Salman Rashid

Travel writer, Fellow of Royal Geographical Society

How a saint is born

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Wahndo in Gujranwala district is famous only for lawlessness. But there is, near this town, the small village of Kotli Maqbara with an imposing domed Mughal structure in the fields outside the habitation. The ground floor is plain while the basement has three graves. Its minarets recall those of Chauburji in Lahore and, therefore, give us a date of construction.

In November 1991, when I was working on my book on Gujranwala, I thought I had discovered a monument that had escaped the official eye. But my mentor Dr Saifur Rahman Dar told me that this building was mid-17th century and housed the mortal remains of Divan Abdul Nabi Khan, the governor of Wazirabad, successively under Shah Jehan and Aurangzeb.
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Rainbow above Thungal

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Rainbow above our camp near Thungal. More images in  The Apricot Road to Yarkand

Odysseus Lahori one year ago: What the mullah wants

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Monastery of the Fount

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The decades between 1840 and 1870 were frenetically busy for archaeologists across the Indian subcontinent. The Yusufzai plain, spreading between Peshawar in the west, the barrier of Malakand Pass in the north and Indus River in the east, had shortly before been discovered to be the epicentre of what became known as Gandhara art. Inevitably, archaeologists were drawn to this fertile area where virtually every hill abounded with ancient ruins.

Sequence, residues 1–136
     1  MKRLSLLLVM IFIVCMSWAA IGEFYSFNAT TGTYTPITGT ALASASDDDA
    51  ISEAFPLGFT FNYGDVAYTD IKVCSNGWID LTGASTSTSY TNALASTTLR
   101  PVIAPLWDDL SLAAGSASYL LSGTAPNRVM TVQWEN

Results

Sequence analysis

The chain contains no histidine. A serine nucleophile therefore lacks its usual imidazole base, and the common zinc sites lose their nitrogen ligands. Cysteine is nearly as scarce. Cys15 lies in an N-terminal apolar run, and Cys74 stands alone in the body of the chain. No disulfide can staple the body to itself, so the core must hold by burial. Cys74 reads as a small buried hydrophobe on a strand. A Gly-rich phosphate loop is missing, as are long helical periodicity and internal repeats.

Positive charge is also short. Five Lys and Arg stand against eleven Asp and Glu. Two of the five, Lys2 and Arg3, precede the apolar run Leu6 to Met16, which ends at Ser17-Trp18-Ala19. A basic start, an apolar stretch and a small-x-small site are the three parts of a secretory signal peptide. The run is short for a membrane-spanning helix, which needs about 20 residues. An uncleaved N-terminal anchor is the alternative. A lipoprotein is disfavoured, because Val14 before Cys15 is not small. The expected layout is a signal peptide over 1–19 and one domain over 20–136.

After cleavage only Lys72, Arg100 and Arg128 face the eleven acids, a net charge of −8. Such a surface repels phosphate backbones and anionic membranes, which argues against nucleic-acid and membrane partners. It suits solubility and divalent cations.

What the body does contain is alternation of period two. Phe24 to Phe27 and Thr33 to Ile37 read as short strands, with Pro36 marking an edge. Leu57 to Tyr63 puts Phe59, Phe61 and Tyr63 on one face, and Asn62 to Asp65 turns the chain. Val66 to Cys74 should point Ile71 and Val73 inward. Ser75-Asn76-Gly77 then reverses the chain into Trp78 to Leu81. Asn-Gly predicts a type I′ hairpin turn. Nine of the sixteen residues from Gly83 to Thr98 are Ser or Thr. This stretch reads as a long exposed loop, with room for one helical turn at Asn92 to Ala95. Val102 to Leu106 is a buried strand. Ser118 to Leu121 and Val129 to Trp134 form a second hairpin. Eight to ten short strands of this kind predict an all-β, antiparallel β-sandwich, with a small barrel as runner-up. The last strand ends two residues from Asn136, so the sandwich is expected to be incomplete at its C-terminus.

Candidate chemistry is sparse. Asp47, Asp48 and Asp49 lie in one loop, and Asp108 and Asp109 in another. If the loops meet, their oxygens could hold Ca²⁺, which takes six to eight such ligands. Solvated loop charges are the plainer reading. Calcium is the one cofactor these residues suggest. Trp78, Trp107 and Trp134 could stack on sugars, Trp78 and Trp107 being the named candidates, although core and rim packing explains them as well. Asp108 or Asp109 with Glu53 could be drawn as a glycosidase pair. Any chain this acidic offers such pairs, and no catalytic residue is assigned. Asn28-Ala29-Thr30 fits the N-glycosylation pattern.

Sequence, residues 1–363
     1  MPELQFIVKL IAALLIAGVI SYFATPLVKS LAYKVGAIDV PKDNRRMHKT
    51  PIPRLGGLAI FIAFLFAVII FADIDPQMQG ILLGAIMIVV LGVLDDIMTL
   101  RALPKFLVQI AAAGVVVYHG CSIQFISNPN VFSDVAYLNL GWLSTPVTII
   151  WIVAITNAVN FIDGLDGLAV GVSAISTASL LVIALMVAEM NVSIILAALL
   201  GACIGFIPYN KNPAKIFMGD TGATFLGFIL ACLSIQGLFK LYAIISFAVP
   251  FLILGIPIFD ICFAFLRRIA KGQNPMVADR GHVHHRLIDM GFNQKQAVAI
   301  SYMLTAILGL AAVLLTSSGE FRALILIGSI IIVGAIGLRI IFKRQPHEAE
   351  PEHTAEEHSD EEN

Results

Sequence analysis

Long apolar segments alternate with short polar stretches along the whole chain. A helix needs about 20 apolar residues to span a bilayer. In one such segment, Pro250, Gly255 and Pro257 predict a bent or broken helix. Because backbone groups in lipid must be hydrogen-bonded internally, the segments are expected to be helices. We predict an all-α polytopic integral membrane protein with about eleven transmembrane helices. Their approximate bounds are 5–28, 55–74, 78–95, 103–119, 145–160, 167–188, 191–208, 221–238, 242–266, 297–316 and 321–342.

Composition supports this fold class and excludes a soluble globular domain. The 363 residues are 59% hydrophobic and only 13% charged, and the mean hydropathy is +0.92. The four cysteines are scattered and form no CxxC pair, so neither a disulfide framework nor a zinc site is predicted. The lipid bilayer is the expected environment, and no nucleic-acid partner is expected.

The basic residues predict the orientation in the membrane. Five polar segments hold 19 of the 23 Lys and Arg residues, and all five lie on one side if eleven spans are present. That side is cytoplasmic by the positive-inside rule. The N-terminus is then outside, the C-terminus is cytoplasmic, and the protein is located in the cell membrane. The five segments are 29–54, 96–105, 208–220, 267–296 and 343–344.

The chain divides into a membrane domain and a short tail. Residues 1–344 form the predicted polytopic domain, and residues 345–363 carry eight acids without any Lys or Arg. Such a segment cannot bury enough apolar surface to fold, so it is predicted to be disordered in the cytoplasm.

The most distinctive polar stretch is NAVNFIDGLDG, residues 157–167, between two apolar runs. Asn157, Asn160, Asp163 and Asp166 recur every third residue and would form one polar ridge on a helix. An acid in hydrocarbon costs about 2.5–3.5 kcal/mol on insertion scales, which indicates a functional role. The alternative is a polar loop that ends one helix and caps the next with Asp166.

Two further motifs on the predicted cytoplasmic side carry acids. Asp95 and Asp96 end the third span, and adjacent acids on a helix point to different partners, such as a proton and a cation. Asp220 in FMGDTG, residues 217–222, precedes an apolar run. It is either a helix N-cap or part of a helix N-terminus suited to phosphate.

North of Mardan town, on the highroad to the Malakand Pass, east of the tiny village of Takht Bahi rose an isolated hill with a crest peppered with stonework peeking out of accumulated earth washed down from the surrounding slopes and overgrown vegetation. The first archaeologists, engaged in only a cursory examination, concluded that this was a site of an ancient Buddhist monastery. The little that the team saw was misunderstood. The circular bases of the domes above the shrines were taken to be pedestals of stupas and other buildings construed to have served as grain silos. But no mistake was made about the quadrangular stupa court with its surrounding arrangement of chapels.
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Odysseus Lahori one year ago

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My name is Salman Rashid and I am 2300 years old!

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India the fertile

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Just to refresh the readers’ memory: In antiquity, the land of India was essentially the valley of the Sindhu River. That is, it was what is today Pakistan. The Aryans were overwhelmed by its great rivers and sang hymns to them. The Rig Veda, truly the most beautiful composition of poetry ever composed by humans and one which loses none of its magnificence even in translation, celebrates the rivers.